A “gypsy moth Republican” is a moderate Republican from the Midwest or the Northeast (where gypsy moths cause frequent infestations). The term “gypsy moth” has been cited in print since at least June 1981 to represent the block of moderate-progressive-liberal Republicans, in contrast to the new conservative Republican president, Ronald Reagan.
“Gypsy moth” was coined by one-term Congressman Lawrence J. DeNardis (R-Connecticut) as a counter to the “boll weevil” Democrats of the southern states. The term “gypsy moth Republican” has been infrequently used since the early 1980s, replaced by “Rockefeller Republican” and “Republican In Name Only” (RINO).
Wikipedia: Gypsy moth Republican
A Gypsy moth Republican, informally, is a politically pejorative term used by conservative Republicans to describe a moderate Republican serving in the U.S. House of Representatives who happens to represent a northeastern or midwestern urban area of the U.S. (an area that is also the habitat for the invasive Gypsy moth, an insect that damages trees and agriculture). Congressman Carl Pursell of Michigan was often described as the quintessential Gypsy Moth Republican in the 1980s.
The implication is that the Gypsy moth Republicans do damage to the Republican Party by siding occasionally with the more liberal Democratic Party.
Contrast this term with Boll Weevil Democrats (or Blue Dog Democrats), who are characterized as more moderate or conservative Democrats who occasionally side with the Republicans.
Wikipedia: Lawrence J. DeNardis
Lawrence Joseph (Larry) DeNardis (b. March 18, 1938) is a former U.S. Congressman and university president.
Election and congressional service
DeNardis was elected in the 1980 Ronald Reagan landslide as a Republican to the Ninety-seventh United States Congress (January 3, 1981-January 3, 1983), defeating then-State Senator Joe Lieberman to win a seat that had been held for 22 years by Democrat Robert Giaimo.
During his term in Congress DeNardis was known as a moderate “Gypsy Moth” Republican. He was narrowly upset in a 1982 mid-term election characterized by voter anger over a poor economy and the strong grassroots campaign by Democrat Bruce Morrison, a Bill Clinton classmate at Yale Law School. Morrison also won a rematch against DeNardis in 1984, with Reagan again at the top of the ticket.
21 June 1981, Seattle (WA) Times, “Morrison in spotlight as G.O.P. ‘frosh whip’” by Richard W. Larsen, pg. A17, col. 3:
“And, of course, we now have the so-called ‘Gypsy Moths,’” says Morrison. They include Republicans, including some of “his” freshmen, “who essentially are from the northeastern quarter of the United States and some from the Midwest—regions which are feeling the pangs of, as they say, reverse growth.”
27 July 1981, Oregonian (Portland, OR), “‘Gypsy moths’ hold key to Reagan plan” by David S. Broder, pg. A8, col. 3:
They are self-styled “gypsy moths,” an informal caucus of about two dozen Northeastern and Midwestern Republicans, mainly from urban areas, who are quietly parlaying their role as a minority of the minority into a strong bargaining position.
The name was coined by one of the members, freshman Rep. Lawrence J. DeNardis, R-Conn. The gypsy moth is as much of a pest to vegetation in New England and the Great Lakes as the boll weevil is in Dixie.
But the term also has a political connotation. “The gypsy moth goes through a unique metamorphosis from worm to fly,” DeNardis said, “and I told Michel (House Minority Leader Robert H. Michel of Illinois) that we preferred not to remain as worms but to fly with the leadership—if we could get some help from the administration on the transition.”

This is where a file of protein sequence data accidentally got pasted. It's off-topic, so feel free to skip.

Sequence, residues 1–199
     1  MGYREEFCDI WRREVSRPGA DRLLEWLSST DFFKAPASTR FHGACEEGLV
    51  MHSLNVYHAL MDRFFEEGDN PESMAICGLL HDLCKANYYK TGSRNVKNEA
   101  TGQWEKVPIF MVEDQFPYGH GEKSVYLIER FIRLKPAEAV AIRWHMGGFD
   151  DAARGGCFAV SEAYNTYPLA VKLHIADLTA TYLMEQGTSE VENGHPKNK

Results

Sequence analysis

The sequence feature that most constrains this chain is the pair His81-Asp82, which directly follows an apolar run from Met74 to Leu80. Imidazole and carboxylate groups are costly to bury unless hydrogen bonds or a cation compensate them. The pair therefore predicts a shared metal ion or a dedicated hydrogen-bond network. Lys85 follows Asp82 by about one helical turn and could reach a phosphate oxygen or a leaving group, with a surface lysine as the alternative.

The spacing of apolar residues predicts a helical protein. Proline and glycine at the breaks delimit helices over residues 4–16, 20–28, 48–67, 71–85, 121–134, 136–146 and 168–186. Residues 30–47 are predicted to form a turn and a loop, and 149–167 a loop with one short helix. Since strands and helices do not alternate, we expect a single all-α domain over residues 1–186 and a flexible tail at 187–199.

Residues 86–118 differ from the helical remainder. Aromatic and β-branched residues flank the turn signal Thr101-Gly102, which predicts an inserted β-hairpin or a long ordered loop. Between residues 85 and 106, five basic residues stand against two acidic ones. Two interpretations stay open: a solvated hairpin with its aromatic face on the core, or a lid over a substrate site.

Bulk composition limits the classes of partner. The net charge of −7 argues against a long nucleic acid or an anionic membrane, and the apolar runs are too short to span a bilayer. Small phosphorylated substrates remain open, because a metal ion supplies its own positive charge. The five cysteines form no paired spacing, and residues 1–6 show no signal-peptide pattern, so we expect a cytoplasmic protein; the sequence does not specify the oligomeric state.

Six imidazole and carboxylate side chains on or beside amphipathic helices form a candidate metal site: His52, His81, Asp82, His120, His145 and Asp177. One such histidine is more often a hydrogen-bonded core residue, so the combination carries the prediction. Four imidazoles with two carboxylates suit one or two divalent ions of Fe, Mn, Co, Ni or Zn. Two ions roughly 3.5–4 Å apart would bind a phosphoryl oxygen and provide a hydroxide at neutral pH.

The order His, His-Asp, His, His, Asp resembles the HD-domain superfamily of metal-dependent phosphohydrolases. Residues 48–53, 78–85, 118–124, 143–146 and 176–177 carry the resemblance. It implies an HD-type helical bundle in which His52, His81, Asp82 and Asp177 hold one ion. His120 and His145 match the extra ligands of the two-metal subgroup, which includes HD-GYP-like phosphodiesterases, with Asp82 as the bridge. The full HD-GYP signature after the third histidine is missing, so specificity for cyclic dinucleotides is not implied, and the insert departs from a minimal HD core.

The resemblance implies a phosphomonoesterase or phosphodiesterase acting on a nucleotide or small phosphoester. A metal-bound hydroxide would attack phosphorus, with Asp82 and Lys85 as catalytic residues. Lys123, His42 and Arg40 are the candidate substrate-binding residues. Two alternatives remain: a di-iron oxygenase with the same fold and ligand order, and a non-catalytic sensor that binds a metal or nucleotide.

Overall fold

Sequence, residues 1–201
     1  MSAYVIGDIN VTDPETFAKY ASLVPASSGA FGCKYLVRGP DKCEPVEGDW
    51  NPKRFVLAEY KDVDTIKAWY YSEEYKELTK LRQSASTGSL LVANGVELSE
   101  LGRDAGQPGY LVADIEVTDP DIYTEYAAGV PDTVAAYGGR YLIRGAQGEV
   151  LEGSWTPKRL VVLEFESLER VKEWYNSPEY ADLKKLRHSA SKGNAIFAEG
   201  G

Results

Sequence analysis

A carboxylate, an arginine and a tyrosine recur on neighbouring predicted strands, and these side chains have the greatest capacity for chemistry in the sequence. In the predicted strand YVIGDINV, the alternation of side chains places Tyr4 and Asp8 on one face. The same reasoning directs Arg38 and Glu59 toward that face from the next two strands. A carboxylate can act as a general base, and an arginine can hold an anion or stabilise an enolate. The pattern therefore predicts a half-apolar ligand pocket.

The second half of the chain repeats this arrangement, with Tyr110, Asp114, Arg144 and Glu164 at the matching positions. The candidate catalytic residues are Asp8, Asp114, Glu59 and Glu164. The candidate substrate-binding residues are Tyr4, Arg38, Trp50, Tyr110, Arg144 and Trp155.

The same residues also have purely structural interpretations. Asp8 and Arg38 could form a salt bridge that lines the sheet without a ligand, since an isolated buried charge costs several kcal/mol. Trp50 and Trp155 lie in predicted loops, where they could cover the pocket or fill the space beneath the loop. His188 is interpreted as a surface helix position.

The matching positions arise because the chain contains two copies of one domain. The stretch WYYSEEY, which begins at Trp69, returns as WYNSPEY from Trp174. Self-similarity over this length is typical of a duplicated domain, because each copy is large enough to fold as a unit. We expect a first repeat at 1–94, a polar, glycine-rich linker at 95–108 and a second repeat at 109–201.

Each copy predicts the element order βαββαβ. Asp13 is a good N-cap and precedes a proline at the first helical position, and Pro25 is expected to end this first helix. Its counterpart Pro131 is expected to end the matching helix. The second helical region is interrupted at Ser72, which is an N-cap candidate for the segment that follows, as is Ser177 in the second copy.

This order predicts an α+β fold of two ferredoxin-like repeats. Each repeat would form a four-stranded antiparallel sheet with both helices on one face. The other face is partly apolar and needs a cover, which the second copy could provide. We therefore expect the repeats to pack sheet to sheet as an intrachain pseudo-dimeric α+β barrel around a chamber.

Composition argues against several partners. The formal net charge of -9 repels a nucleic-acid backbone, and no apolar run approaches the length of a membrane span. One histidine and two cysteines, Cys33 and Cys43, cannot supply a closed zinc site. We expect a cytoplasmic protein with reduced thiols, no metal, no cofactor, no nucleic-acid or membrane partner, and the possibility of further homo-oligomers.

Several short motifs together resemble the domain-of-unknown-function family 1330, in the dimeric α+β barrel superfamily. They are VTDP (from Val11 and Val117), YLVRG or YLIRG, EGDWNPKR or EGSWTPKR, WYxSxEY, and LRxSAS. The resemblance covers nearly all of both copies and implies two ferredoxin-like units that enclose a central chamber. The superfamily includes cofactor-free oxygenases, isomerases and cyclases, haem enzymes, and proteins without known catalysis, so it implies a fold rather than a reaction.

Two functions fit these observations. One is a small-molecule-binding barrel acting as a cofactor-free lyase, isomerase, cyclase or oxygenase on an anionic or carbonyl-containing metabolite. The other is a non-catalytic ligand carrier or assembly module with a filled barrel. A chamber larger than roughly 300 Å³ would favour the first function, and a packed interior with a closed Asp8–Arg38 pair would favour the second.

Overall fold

The leader of the group is Rep. Carl D. Pursell, R-Mich., a third-termer from the Detroit suburbs. About 33 members have attended some meetings, with two-thirds of them actively involved. THere is no ideological test, but most come out of what once would have been called “the Rockefeller wing” of the Republican Party, moderate-progressive-liberal types who really are regarded as “worms” by some of the more doctrinaire of the dominant conservatives.
Google News Archive
16 September 1981, Toledo (OH) Blade, pg. 3, cols. 5-6:
“Gypsy Moths” Girding For Battle With Reagan
Pursell-Led Caucus Fighting Cuts Hurting Northeast-Midwest
By JOHN BLOCK
WASHINGTON—U.S. Rep. Carl Pursell of Plymouth, Mich., said Tuesday that he and the other “Gypsy Moth” Republican congressmen might have to case a major vote against the Reagan administration to show the White House the seriousness of their concern for the economic plight of the Northeast and Midwest.
The Gypsy Moths, an informal alliance of about 25 Republican congressmen from the two regions, are getting ready to flex their muscles.
Inspired By “Boll Weevils”
He admitted that the inspiration for forming the Gypsy Moths was the so-called “Boll Weevils,” a group of southern conservative Democrats who in many instances broke ranks with the party and gave President Reagan his margin of victory on the Administration’s budget and tax cuts.
Google News Archive
21 September 1981, Bangor (ME) Daily News, “‘Gypsy Moth Republicans’” by Michael J. McManus, pg. 16, col. 2:
Meeting in a caucus on Tuesday, 20 Yankee Republicans formally elected Rep. Carl Pursell as chairman and Rep. Bill Green of New York as co-chairman of a group jocularly called the “Gypsy Moth Republicans,” after the insect that bothers this region of the country.
The"Gypsy Moths” will oppose any more cuts in social or economic development programs, and to fight for a vastly larger set of cuts in militaryspending. “Defense can afford the cuts much more than the social program,” said Rep. Green in a letter to the president signed by a number of the “Gypsy Moths.”
New York City • Government/Law/Politics/Military • (0) Comments • Friday, September 02, 2011 • Permalink